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Chapter 31. Exchanging Data with Automat... > Adding ActiveX Controls to Your Appl... - Pg. 1108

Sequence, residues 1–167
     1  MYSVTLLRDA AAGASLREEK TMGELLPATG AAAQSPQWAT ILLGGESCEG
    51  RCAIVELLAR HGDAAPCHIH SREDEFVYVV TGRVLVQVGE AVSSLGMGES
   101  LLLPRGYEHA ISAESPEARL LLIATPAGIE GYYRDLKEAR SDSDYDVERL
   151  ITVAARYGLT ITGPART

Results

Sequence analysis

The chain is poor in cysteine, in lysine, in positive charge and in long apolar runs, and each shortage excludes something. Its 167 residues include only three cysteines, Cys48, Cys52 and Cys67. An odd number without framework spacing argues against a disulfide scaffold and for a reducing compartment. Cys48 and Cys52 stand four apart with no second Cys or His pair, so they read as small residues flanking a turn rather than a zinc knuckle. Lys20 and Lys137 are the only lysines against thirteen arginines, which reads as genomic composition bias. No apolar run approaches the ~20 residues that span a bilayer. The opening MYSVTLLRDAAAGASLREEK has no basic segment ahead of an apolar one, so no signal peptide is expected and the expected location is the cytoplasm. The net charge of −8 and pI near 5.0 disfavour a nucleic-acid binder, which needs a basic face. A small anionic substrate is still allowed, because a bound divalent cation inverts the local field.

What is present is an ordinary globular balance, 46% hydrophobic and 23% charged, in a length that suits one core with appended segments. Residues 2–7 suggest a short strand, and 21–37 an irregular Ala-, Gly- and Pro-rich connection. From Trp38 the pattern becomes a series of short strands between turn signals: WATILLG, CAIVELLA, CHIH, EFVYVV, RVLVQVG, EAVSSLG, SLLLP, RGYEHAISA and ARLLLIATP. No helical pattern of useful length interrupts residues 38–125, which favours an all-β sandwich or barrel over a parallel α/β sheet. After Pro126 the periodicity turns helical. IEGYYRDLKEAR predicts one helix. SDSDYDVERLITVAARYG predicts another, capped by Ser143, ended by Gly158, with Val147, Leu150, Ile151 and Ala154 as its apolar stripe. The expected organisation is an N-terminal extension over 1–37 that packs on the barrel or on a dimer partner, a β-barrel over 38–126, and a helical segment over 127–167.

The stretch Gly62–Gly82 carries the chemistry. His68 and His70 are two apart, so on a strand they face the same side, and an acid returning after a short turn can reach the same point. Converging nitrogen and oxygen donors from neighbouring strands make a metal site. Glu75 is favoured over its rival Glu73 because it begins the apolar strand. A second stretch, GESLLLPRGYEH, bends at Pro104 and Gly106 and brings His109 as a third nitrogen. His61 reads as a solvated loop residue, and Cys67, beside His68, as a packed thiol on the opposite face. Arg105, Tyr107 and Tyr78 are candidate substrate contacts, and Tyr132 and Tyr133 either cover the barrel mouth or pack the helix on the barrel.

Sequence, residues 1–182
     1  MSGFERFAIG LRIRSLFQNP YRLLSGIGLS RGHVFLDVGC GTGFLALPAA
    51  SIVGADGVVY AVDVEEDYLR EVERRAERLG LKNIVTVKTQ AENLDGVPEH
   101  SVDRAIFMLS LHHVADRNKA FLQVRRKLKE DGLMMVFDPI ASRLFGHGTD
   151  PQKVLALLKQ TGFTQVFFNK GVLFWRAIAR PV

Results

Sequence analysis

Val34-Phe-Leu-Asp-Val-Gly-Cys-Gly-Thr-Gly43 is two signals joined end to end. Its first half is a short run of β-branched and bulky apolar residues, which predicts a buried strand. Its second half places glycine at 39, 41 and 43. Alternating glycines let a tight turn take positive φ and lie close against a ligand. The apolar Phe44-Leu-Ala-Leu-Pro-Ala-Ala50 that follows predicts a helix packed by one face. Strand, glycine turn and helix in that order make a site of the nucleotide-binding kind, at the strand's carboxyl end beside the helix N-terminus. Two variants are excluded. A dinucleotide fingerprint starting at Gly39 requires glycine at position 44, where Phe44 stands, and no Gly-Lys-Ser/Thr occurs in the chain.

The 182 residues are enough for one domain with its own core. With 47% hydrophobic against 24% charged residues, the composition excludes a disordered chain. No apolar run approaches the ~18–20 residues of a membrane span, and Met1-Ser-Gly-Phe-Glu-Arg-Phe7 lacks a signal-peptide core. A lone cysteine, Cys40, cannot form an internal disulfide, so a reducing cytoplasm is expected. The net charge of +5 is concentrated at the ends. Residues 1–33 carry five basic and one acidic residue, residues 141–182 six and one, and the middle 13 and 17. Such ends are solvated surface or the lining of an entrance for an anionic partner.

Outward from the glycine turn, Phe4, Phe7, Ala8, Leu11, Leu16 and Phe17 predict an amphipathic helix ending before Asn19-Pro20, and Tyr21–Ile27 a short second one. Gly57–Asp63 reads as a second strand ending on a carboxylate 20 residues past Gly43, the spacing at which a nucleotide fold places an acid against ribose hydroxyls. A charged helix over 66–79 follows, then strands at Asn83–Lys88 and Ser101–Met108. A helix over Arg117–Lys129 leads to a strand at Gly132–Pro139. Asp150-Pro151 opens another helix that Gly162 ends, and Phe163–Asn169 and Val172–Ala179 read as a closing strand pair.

Exchanging Data with Automation and ActiveX Controls 1108 The ControlName.Action = acOLEActivate statement is required if the embedded object has not been activated when you execute the preceding code example, either in the Debug window or a VBA procedure. An embedded object in a frame must be activated before you can refer to its Object.Application.PropertyName property. Linked objects in object frames don't support Automation. You receive a This object does not support OLE Automation error mes- sage when you execute Set wdaName = uofName.Object. Application.WordBasic for a linked file. Figure 31.26 shows an example of activating an embedded Word 97 object and then reading the value of bookmarked text by using the Selection object. To execute the code shown in Figure 31.26, you must first insert an unbound Word 97 object created from a file with bookmarks that are named "Excel8Head" and "Word8Head" in a form named frmWord. You must also create a ref- erence to the Microsoft Word 8.0 object library and declare the object variables wdaUA97 and wddUA97 in the Declarations section of a module. Figure 31.26. Reading the text of a bookmark in an embedded OLE object. By using Automation and code similar to that shown in Figure 31.26, you can create a document that consists of nothing but empty bookmarks. Then you can fill the bookmarks with text contained in Text or Memo fields of tables or from the Value property of control objects on forms. Using Automation provides a much more flexible method of creating specialized documents than using Access 95's Merge It feature. Adding ActiveX Controls to Your Application ActiveX controls (OCXs) are a special class of programmable Automation objects that expose their own events in addition to their properties and methods. You embed the ActiveX control in a form and program the control with the same types of statements used with native Access controls, such as a text box or combo box. Some ActiveX controls are databound, in which case you embed the control in a form bound to an Access table or query.